Your supplements have been wonderful for helping me increase my breastmilk production. Shatavari, in particular, shouldn’t be called the herbal Domperidone because it’s better than Domperidone. I’m on Domperidone too, and have had really horrible side effects. I’ve been slowly weaning off over 4 months (3 weeks to go! Hooray!). When I decrease my dose my milk supply temporarily goes down, unless I religiously take the Shatavari and then it’s fine! I’ve taken just about every milk-increasing product out there, and Herb Lore products have worked the best! A.O.
The charts and suggestions below may be used in determining the appropriate amount of herbal remedy to give to children.
Please keep in mind, however, that these are just guidelines. The weight and overall health of the child must be taken into consideration, as well as the strength and quality of the herbs to be given, along with the nature of the child's illness.
Herbs and herbal products should not be given to babies under 6 months of age, as their digestive systems are not mature enough to handle much more than breastmilk (or formula if its necessary). To give herbs to an infant, its best for the breastfeeding mother to take full dose of the herb (see Note: below) and it will pass to the baby through the breastmilk. If a baby is in acute distress, such as from gas or colic, or if the baby is not breastfed, a small amount of non-alcohol tincture or diluted tea can be given directly to the baby on an occasional basis. Babies over 6 months of age can be given the herbs directly, but as each child is different, if they experience any kind of tummy ache or distress, discontinue. Always give babies and children the non-alcohol versions if possible, and if not possible, dilute the tincture in breastmilk (or formula), juice or water. The chart below will give you recommendations of how much to give to a baby or child.
- A typical adult dose is 1 cup (8 oz.) of tea, and two droppersful (or squeezes, which is 60 drops) of tincture each dose. The information below is based on this information.
- Follow the dosage recommendations on the product label as far as the frequency, or how many times a day the herbs should be given, using the dosage amounts given below. For example, if an adult dose is 1 cup of tea or 2 droppersful of tincture 3 times a day, the recommended dose for a 2 year old would be 2 teaspoons of tea or 10 drops of tincture 3 times a day.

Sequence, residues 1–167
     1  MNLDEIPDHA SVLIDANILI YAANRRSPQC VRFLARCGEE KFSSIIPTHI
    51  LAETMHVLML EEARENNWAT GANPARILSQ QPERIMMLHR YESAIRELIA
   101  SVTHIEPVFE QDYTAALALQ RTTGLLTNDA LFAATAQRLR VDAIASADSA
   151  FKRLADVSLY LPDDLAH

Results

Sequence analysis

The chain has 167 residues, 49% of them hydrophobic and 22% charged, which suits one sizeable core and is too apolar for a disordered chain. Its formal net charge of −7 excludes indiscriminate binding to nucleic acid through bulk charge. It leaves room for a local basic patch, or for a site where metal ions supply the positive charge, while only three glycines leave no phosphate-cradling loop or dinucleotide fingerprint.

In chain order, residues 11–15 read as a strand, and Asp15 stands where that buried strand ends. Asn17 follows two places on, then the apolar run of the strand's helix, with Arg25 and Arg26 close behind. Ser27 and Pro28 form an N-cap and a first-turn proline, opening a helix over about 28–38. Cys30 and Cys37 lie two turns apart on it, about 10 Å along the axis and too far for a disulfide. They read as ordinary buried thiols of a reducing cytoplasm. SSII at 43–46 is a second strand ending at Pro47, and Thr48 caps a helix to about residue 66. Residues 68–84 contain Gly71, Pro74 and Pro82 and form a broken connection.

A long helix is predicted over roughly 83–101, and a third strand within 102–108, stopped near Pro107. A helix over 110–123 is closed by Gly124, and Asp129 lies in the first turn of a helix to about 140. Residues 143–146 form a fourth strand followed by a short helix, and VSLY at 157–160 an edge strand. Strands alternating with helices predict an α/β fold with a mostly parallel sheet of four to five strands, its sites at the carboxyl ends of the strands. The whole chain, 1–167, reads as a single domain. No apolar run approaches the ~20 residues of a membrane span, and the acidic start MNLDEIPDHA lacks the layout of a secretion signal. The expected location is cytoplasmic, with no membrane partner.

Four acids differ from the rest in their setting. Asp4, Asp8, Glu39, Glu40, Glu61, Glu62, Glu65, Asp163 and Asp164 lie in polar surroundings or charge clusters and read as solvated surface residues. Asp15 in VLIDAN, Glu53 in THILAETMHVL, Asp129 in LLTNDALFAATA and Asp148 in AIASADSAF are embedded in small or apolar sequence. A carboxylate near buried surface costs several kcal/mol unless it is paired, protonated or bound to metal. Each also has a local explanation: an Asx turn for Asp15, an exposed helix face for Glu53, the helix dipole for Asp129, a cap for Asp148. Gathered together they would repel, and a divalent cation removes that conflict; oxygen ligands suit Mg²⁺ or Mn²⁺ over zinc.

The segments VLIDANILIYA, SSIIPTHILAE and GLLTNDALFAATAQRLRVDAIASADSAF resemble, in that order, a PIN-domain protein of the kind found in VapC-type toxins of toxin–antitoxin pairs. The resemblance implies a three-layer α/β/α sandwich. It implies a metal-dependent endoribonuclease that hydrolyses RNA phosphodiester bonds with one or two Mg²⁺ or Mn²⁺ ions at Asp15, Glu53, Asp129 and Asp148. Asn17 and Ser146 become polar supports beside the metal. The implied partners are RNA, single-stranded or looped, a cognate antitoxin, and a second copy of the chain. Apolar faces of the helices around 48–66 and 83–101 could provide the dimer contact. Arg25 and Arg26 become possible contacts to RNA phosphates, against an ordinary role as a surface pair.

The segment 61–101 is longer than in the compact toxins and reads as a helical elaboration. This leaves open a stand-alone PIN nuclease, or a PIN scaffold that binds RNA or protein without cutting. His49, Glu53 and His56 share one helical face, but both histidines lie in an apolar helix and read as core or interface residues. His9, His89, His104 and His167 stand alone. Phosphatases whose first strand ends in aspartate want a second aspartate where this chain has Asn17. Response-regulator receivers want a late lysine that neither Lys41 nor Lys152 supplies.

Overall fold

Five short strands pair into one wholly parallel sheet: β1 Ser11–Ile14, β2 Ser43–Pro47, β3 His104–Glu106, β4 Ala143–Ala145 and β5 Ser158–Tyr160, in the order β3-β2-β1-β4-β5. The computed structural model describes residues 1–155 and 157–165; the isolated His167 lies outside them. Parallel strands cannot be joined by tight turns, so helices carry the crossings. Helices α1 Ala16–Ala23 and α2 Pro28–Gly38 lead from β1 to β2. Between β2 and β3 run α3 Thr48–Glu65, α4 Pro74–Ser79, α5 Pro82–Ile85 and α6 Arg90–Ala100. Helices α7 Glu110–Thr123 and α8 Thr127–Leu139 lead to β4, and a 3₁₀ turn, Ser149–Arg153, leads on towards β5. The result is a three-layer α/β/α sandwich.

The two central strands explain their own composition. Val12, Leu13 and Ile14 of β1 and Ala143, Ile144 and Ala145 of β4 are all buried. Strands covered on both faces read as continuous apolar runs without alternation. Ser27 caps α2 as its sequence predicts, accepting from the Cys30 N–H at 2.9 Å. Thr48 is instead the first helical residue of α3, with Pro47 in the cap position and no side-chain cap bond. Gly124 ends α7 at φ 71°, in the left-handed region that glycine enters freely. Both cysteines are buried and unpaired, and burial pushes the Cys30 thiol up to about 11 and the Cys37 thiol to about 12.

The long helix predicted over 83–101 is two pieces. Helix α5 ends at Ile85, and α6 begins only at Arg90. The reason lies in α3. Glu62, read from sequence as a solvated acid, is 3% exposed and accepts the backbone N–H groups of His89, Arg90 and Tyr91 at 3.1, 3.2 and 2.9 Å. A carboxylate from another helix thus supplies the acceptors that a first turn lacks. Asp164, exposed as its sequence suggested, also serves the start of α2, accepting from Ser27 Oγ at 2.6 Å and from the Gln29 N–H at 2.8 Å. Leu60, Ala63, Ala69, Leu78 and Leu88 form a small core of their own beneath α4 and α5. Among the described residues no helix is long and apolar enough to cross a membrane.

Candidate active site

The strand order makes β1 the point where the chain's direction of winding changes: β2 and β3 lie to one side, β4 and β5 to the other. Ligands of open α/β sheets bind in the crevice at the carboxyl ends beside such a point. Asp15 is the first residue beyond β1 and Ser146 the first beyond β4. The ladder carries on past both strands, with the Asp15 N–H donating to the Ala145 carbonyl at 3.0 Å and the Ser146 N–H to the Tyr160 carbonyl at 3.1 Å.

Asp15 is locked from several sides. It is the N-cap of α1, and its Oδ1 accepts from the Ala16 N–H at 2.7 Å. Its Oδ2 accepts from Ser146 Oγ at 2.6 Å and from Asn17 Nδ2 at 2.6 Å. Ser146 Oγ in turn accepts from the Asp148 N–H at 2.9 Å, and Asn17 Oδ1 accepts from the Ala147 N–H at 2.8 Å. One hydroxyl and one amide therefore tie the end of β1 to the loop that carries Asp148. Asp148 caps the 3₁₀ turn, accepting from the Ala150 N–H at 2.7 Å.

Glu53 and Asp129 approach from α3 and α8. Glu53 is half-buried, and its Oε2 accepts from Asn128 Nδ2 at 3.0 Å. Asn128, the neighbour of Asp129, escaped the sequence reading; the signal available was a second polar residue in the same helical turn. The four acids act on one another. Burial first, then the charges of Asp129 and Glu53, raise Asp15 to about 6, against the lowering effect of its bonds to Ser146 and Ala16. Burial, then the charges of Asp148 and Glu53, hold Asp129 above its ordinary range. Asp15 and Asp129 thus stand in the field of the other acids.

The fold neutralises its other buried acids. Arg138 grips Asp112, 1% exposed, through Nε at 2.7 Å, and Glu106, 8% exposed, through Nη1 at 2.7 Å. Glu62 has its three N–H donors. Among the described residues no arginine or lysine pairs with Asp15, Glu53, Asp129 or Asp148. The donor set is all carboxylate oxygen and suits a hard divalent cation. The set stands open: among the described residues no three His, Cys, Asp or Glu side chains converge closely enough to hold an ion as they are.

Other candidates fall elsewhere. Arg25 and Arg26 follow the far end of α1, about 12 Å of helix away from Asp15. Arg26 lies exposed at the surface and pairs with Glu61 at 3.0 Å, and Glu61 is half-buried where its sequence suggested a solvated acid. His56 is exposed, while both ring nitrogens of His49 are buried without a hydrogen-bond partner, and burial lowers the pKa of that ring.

When the adult (age 12 and over) dose is 1 cup (8 oz.) of tea, the following is recommended for children:
Age -- Dosage
Younger than 2 years -- 1/2 to 1 teaspoon
2 to 4 years -- 2 teaspoons
4 to 7 years -- 1 tablespoon
7 to 11 years -- 2 tablespoons
When the adult dose is 2 droppersful (60 drops), the following is recommended for children:
Age -- Dosage
Younger than 3 months -- 2 drops
3 to 6 months -- 3 drops
6 to 9 months -- 4 drops
9 to 12 months -- 5 drops
12 to 18 months -- 7 drops
18 to 24 months -- 8 drops
2 to 3 years -- 10 drops
3 to 4 years -- 12 drops
4 to 6 years -- 15 drops
6 to 9 years -- 24 drops
9 to 12 years -- 30 drops
Other ways to determine dosage:
Young's Rule - Add 12 to the child's age. Divide the child's age by this total. Example: dosage for a 4 year old: 4 divided by 16 (4+12) = .25, or 1/4 of the adult dosage.
Cowling's Rule - Divide the number of the child's next birthday by 24. Example: dosage for a child who is 3, turning 4 would be: 4 divided by 24 = .16, or 1/6 of the adult dosage.
Reference used: “Herbal Remedies for Children's Health” by Rosemary Gladstar
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written by Pam Caldwell
Certified Herbalist --- Fertility, Pregnancy, Birth, Postpartum & Lactation Specialist